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New Vaccine Beats Malaria in Early Trials

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New Vaccine Beats Malaria in Early Trials

Global Health

New Vaccine Beats Malaria in Early Trials

New Vaccine Beats Malaria in Early Trials

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Reporting in Science, researchers write of an intravenous vaccine that offered complete protection against malaria in a small clinical trial — but only after five doses. Anthony Fauci, head of the National Institute of Allergy and Infectious Diseases, discusses steps needed to turn this early success into a practical vaccine.


This is SCIENCE FRIDAY, I'm Ira Flatow. For the past 40 years, scientists have known of a way to vaccinate people again malaria. Now I hear you saying wait a second, that can't be true, but you heard me right. There is a way to give people immunity against malaria. The only problem is the vaccine requires subjecting a patient to over 1,000 mosquito bites from mosquitoes treated with radiation in a laboratory. It may be effective, I didn't say it was easy.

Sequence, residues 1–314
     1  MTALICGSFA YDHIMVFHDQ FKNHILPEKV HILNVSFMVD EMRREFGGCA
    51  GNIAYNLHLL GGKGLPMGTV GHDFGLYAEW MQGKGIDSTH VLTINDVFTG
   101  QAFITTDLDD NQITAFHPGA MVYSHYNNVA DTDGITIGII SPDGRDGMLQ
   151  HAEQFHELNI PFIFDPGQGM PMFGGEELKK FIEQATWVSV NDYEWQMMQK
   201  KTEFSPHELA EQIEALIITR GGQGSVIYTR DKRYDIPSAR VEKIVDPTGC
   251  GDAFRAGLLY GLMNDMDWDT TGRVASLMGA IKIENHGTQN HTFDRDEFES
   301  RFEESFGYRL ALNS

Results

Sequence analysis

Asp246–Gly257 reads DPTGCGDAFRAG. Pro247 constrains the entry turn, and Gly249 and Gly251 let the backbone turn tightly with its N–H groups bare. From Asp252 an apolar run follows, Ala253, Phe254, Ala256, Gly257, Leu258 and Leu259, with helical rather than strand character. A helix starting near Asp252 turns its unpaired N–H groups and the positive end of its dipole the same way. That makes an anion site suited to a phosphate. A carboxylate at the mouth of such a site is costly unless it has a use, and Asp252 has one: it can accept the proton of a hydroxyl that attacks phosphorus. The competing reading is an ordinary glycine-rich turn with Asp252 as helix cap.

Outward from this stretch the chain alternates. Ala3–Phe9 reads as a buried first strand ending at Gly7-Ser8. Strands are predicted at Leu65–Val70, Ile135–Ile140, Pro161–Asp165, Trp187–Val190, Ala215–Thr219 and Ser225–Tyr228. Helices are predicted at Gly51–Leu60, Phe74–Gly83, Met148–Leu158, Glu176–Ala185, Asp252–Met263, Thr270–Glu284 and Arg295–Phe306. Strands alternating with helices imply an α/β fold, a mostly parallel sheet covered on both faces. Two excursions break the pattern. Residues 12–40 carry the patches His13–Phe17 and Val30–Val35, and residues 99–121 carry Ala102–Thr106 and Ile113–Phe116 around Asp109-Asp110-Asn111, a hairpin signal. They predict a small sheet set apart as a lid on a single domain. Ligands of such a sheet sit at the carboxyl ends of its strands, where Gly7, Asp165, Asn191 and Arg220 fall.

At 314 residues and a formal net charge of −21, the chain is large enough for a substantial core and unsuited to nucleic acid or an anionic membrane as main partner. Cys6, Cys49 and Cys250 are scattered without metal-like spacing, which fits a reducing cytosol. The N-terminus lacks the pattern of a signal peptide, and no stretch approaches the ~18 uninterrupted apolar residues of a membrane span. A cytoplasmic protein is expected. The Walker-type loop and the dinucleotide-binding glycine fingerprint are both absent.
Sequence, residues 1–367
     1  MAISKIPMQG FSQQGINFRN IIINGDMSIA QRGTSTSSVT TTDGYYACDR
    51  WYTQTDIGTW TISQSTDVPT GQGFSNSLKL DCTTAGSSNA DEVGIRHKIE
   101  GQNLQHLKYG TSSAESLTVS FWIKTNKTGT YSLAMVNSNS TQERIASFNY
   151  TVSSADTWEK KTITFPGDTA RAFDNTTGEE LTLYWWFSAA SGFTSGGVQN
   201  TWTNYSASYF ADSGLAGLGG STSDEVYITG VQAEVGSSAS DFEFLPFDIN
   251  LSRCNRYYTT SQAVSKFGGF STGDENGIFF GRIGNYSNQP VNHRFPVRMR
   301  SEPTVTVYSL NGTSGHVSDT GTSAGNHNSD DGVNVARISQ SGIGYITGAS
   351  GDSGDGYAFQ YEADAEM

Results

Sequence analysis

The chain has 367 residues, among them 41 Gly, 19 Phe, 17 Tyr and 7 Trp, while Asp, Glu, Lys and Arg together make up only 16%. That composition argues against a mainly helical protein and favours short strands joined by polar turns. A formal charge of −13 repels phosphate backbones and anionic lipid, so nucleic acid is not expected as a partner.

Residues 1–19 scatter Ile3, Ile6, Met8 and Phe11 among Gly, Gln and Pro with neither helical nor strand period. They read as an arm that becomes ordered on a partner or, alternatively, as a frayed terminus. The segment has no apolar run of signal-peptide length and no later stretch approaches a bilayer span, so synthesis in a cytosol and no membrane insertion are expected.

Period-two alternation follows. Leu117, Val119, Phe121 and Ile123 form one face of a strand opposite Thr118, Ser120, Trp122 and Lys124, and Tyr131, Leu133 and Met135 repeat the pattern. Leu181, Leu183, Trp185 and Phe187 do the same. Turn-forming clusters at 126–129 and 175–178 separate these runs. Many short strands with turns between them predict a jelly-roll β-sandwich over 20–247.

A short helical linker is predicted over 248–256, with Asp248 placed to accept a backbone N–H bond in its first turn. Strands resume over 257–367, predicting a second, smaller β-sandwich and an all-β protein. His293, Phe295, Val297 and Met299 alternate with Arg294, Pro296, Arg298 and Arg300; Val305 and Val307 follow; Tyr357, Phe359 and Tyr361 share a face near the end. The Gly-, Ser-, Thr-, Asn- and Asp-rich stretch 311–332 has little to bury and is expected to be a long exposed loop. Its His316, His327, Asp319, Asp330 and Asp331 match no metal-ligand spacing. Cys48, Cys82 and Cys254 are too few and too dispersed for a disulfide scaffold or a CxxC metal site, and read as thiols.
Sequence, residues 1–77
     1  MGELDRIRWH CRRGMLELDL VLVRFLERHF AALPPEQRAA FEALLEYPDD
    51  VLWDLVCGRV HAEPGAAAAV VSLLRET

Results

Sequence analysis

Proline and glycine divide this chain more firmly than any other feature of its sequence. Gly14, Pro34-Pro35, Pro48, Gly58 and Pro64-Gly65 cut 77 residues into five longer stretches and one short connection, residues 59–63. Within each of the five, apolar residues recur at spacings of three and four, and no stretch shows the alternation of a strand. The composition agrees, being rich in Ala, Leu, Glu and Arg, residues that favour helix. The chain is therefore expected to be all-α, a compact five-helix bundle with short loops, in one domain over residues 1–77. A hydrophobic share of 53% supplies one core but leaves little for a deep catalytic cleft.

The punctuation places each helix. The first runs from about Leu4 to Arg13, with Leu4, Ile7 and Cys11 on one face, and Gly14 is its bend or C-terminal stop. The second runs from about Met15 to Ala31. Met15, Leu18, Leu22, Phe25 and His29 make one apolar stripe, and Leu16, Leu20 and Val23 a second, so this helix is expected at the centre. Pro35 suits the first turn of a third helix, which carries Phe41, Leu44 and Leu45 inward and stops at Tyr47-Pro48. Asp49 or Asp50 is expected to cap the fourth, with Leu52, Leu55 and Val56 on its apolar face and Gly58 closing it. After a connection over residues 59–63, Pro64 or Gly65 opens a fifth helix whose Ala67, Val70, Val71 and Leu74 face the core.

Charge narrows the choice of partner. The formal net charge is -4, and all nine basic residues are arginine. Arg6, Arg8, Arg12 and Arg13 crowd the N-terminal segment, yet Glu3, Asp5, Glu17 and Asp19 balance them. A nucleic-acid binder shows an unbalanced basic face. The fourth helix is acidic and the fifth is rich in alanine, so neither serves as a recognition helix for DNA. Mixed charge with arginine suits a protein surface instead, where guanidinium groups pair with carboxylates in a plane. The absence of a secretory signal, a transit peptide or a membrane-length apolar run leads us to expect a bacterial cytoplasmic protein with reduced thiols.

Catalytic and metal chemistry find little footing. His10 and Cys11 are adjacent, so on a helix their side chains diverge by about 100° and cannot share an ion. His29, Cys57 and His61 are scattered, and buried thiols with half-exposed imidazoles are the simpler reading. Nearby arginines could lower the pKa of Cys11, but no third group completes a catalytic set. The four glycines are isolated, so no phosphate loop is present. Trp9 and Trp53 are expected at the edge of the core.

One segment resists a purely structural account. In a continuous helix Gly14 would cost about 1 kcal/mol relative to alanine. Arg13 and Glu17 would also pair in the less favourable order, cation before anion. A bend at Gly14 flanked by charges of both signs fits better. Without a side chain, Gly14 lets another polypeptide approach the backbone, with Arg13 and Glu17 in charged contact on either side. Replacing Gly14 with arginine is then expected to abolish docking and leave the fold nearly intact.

But this week, scientists reported an exciting breakthrough. They were able to mimic that 1,000-bite vaccination with just a handful of intravenous shots. They published their work in the journal Science, and here to tell us about it is Dr. Anthony Fauci, director of the National Institute of Allergy and Infectious Diseases at NIH in Bethesda. Welcome back, Dr. Fauci, to SCIENCE FRIDAY.

TONY FAUCI: Thank you, Ira, good to be here.

FLATOW: A brief thumbnail, what is malaria, and how does that technique prevent it?

FAUCI: Well, malaria is a disease that's caused by a parasite, the most serious of which is the Plasmodium falciparum. It's transmitted by a mosquito to a human. It has a very complicated life cycle in the mosquito and in the human, and it results in serious disease, anemia, some central nervous system disease, can be renal failure, and it's the cause of a considerable number of deaths worldwide, anywhere from 600,000 to a million deaths per year, mostly in children and mostly in sub-Saharan Africa.

So it's a very serious global health problem.

FLATOW: And this new technique, what does it do?